Keeping guns from dangerous people, restricting courthouse immigration arrests, and limiting "deepfake" election videos are just a few of the new laws that will change California in 2020.
As the Chief Justice prepares to address the Legislature on the 2019 State of the Judiciary, a look back at some key judicial branch milestones.
Hundreds of new laws went into effect Jan. 1, including many that will protect the public and improve access to justice for all Californians.
California superior courts received more than 200,000 petitions for resentencing or applications for reclassification during the first 13 months after voters approved Proposition 47.
From erasing old marijuana convictions to helping courts weather natural disasters, track the new laws that will change California courts in 2019.
A Q&A with Judge Donna Groman, a 2018 Distinguished Service Award recipient, who overcame a tough childhood to become an advocate for California's at-risk youth.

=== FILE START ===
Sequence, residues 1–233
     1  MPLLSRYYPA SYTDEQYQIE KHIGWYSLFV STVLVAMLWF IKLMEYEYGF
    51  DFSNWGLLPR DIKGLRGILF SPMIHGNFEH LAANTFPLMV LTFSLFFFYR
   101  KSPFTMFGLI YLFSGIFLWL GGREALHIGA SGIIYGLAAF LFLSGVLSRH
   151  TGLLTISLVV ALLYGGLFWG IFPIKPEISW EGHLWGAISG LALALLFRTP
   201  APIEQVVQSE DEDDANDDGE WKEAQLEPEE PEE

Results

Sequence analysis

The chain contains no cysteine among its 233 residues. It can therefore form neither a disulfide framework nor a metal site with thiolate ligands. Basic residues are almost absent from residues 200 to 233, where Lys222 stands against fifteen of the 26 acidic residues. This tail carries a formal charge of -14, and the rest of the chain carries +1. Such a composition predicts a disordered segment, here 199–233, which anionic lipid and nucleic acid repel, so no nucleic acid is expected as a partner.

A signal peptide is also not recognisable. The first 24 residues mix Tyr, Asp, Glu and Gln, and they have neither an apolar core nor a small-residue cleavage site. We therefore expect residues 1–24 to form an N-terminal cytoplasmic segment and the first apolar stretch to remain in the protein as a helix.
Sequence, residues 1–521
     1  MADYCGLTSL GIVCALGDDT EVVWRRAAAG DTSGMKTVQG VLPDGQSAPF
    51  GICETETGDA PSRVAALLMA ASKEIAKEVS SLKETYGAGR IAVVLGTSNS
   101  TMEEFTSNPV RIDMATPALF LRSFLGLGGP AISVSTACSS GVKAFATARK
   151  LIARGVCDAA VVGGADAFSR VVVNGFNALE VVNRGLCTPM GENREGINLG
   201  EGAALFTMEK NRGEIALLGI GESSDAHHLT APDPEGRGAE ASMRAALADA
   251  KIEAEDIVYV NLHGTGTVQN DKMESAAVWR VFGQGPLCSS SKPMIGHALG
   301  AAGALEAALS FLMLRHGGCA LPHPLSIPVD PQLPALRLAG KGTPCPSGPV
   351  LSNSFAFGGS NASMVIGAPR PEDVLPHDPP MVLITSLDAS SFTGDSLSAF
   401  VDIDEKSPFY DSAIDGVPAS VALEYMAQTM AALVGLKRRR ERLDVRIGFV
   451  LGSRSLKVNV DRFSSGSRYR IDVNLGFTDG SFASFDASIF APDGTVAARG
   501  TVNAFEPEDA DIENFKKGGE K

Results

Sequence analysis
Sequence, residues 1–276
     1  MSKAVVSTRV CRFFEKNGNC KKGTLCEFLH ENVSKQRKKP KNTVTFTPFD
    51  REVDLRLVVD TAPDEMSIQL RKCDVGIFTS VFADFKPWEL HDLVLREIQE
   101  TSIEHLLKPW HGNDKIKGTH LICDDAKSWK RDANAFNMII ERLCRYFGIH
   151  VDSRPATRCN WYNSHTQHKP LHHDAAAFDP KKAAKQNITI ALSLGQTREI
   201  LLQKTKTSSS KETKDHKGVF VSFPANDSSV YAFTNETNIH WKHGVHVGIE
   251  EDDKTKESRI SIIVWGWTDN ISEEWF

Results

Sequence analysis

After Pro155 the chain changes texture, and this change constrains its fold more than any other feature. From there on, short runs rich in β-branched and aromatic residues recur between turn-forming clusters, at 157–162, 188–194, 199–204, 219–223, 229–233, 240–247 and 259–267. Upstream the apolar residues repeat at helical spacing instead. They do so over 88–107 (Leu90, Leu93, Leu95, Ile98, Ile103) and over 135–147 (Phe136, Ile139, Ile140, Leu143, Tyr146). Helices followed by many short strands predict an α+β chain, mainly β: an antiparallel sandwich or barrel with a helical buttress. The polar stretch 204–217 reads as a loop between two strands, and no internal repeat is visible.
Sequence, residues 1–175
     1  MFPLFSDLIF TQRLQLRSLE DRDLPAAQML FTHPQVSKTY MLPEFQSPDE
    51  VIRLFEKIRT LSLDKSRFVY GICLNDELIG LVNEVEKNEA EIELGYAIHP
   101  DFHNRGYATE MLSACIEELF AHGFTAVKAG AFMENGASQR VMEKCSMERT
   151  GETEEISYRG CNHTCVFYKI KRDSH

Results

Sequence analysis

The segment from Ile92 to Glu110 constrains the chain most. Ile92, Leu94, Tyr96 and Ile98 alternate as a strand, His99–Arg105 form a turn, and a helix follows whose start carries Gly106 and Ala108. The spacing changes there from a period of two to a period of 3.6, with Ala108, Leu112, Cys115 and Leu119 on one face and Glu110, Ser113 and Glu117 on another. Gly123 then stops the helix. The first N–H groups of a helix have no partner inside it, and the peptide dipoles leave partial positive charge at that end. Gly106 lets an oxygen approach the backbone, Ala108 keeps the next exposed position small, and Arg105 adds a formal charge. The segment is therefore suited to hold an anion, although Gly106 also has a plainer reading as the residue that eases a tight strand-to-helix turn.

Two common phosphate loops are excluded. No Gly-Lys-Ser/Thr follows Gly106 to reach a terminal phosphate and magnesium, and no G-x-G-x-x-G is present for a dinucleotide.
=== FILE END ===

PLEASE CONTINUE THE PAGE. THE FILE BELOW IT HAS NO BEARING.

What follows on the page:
Today the California State Legislature sent an historic bill to the Governor that will fundamentally change California's pretrial release and detention system.
In the wake of wildfires that devastated parts of California’s Wine Country last October, nearly 100 civil lawsuits were filed against Pacific Gas and Electric Co. alleging the utility had a role in sparking the blaze. The answer to this influx was civil case coordination.
In 2018, a number of new laws were created in the hope of expanding the rights of Californians through the court system.
Pretrial Detention Reform Workgroup and retired Judge Richard Couzens honored for their work that led to a new law that replaces money bail with risk assessment.
At its Sept. 20–21 business meeting, the Judicial Council heard a report on how the judicial branch will help implement Senate Bill 10, recently signed legislation that will eliminate money bail for criminal defendants.
A new proposal by the Commission on the Future of California’s Court System seeks to do away with the oversized consequences of traffic tickets by making minor offenses civil violations.